Timing is everything so they say and Qualtrics filing its S-1 on a British public holiday is no exception. Assuming the company achieves the declared price of $20-24 per share, SAP values Qualtrics at around $14.4 billion at the upper end. SAP will continue to own some 80 percent of the company but will release around $3 billion in cash of the $8 billion SAP paid to acquire the company in 2018. Qualtrics co-founder and chairman Ryan Smith bought one percent of the company for $120 million and PE firm Silver Lake has agreed to acquire four percent of the company at a valuation of $550 million or $21.64 per share.
If Qualtrics achieves its stated IPO valuation, then the price will validate SAP's former CEO Bill McDermott's decision to buy the company at what many thought at the time was an insane valuation while at the same time helping to shore up SAPs share price which took a massive hit when SAP announced its Q3 FY 2020 results. Early indications suggest however the market is not exactly thrilled with the proposed IPO. Why?
According to the S-1 filing, Qualtrics benefits from its SAP ownership, recording sales up 36 percent in the year to 30th September 2020 at $550 million, a figure which accounts for some 7.4 percent of SAP's recorded cloud revenue for the same period. Of concern to those fixated on cloud growth as a measure of success, Qualtrics growth far outstrips SAP's overall cloud growth which the company stated was up 20 percent in the same period overall. On the upside, SAP gets to unload part of a company that's losing money, largely as a result of outsized stock compensation. According to the S-1 filing, Qualtrics lost $258 million in the nine months to 30th September 2020, of which $218 million was in stock compensation.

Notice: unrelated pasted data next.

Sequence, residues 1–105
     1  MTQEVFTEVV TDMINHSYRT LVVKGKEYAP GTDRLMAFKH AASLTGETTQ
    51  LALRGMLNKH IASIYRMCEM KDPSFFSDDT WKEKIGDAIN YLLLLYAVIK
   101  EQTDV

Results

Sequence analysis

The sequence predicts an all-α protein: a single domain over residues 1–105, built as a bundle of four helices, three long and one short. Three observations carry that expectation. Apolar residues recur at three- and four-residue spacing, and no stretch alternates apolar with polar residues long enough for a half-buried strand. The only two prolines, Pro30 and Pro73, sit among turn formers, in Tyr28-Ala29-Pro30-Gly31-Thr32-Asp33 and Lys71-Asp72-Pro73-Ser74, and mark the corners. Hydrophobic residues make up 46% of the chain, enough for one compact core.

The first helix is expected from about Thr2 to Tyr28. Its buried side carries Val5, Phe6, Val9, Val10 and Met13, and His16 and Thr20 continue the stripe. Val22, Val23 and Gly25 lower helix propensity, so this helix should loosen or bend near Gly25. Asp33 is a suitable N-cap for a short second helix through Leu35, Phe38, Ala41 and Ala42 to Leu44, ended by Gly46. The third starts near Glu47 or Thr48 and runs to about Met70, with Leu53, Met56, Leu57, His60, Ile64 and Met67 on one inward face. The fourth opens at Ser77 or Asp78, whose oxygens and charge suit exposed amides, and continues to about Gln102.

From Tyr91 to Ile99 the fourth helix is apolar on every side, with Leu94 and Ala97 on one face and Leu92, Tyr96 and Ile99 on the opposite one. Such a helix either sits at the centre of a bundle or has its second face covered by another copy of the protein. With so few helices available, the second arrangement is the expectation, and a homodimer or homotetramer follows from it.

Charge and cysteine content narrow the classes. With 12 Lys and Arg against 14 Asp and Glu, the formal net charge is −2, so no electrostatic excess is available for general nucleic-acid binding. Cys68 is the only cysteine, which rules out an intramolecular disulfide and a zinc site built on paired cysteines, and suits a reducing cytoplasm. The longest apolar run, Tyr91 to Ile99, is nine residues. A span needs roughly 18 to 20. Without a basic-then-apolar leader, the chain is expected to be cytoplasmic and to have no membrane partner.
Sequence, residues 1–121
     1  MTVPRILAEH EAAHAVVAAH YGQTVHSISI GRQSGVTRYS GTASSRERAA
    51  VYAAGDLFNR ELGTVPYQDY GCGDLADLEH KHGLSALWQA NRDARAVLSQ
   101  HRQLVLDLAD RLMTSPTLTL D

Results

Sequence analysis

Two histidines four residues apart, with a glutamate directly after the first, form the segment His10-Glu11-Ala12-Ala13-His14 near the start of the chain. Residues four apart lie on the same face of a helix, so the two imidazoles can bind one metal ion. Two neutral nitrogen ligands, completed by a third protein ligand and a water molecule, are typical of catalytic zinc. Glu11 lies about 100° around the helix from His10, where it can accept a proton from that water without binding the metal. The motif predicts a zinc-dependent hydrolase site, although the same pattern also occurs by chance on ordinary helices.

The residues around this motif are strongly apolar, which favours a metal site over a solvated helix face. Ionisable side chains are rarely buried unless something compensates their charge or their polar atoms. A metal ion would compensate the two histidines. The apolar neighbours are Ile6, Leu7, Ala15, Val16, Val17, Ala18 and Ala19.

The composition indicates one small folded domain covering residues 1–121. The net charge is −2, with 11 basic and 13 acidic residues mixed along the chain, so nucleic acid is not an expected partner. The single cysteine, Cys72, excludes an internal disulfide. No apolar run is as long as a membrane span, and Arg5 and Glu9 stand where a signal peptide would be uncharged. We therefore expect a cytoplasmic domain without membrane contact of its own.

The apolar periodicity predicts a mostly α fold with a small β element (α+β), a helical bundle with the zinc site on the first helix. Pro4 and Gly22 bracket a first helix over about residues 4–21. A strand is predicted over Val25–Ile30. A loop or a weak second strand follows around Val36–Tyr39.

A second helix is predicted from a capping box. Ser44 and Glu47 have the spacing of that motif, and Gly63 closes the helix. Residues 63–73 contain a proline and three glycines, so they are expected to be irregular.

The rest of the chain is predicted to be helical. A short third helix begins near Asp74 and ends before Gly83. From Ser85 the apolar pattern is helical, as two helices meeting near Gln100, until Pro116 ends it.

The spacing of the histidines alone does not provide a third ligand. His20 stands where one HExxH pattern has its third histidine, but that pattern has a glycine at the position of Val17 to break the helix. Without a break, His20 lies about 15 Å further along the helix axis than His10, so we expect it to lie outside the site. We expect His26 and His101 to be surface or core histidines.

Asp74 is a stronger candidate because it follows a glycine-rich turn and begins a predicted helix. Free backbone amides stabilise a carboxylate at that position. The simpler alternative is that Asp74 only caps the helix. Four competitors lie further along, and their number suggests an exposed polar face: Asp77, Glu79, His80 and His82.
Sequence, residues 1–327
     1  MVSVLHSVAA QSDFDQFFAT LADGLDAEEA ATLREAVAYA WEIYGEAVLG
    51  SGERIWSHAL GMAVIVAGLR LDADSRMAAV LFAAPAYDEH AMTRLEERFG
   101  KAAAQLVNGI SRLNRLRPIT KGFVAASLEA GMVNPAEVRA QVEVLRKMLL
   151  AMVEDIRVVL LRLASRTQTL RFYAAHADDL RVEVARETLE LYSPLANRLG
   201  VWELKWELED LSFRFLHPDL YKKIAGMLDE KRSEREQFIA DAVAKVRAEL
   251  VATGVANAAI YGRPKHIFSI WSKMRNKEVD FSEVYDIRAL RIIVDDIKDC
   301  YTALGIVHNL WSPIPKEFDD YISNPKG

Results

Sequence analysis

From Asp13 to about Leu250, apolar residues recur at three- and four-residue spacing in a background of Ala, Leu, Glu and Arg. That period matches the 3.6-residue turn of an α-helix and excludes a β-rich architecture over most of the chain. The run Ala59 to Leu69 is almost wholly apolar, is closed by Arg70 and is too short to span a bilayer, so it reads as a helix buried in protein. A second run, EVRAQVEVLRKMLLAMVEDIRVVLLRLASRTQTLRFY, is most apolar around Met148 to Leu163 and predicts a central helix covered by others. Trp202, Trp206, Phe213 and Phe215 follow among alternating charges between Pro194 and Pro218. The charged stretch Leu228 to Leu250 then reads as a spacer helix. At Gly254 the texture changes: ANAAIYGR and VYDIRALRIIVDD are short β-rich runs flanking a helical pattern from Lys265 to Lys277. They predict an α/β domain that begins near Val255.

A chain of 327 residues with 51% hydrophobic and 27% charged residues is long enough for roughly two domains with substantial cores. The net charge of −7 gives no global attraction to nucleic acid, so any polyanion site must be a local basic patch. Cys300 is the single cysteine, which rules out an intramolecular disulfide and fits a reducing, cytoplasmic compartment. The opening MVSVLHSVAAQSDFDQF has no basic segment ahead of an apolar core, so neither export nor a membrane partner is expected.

Investors are clearly enamored of Qualtrics' growth prospects when compared with competitor Medallia, which trades at a valuation of around $5 billion but whose revenue grew 19 percent in the comparable period to $349 million or 63 percent of Qualtrics revenue in the same period.
All eyes will now be on SAP's Q4 FY2020 earnings. While SAP talks loudly about its cloud chops, the reality is that much of its revenue rests on continuing to sell on-premises software in the shape of S/4HANA. And while there appears to be light at the end of the proverbial COVID tunnel, SAP needs a strong end to what has been a difficult year. The good news is that the Qualtrics IPO is a distraction that SAP can now put aside while at the same time benefitting from a controlling interest.
The only question is whether Ryan Smith, who continues with Qualtrics as chairman and is widely considered pivotal to the company's success, will himself be distracted by his reported $1.6 billion purchase of his local basketball team, the Utah Jazz.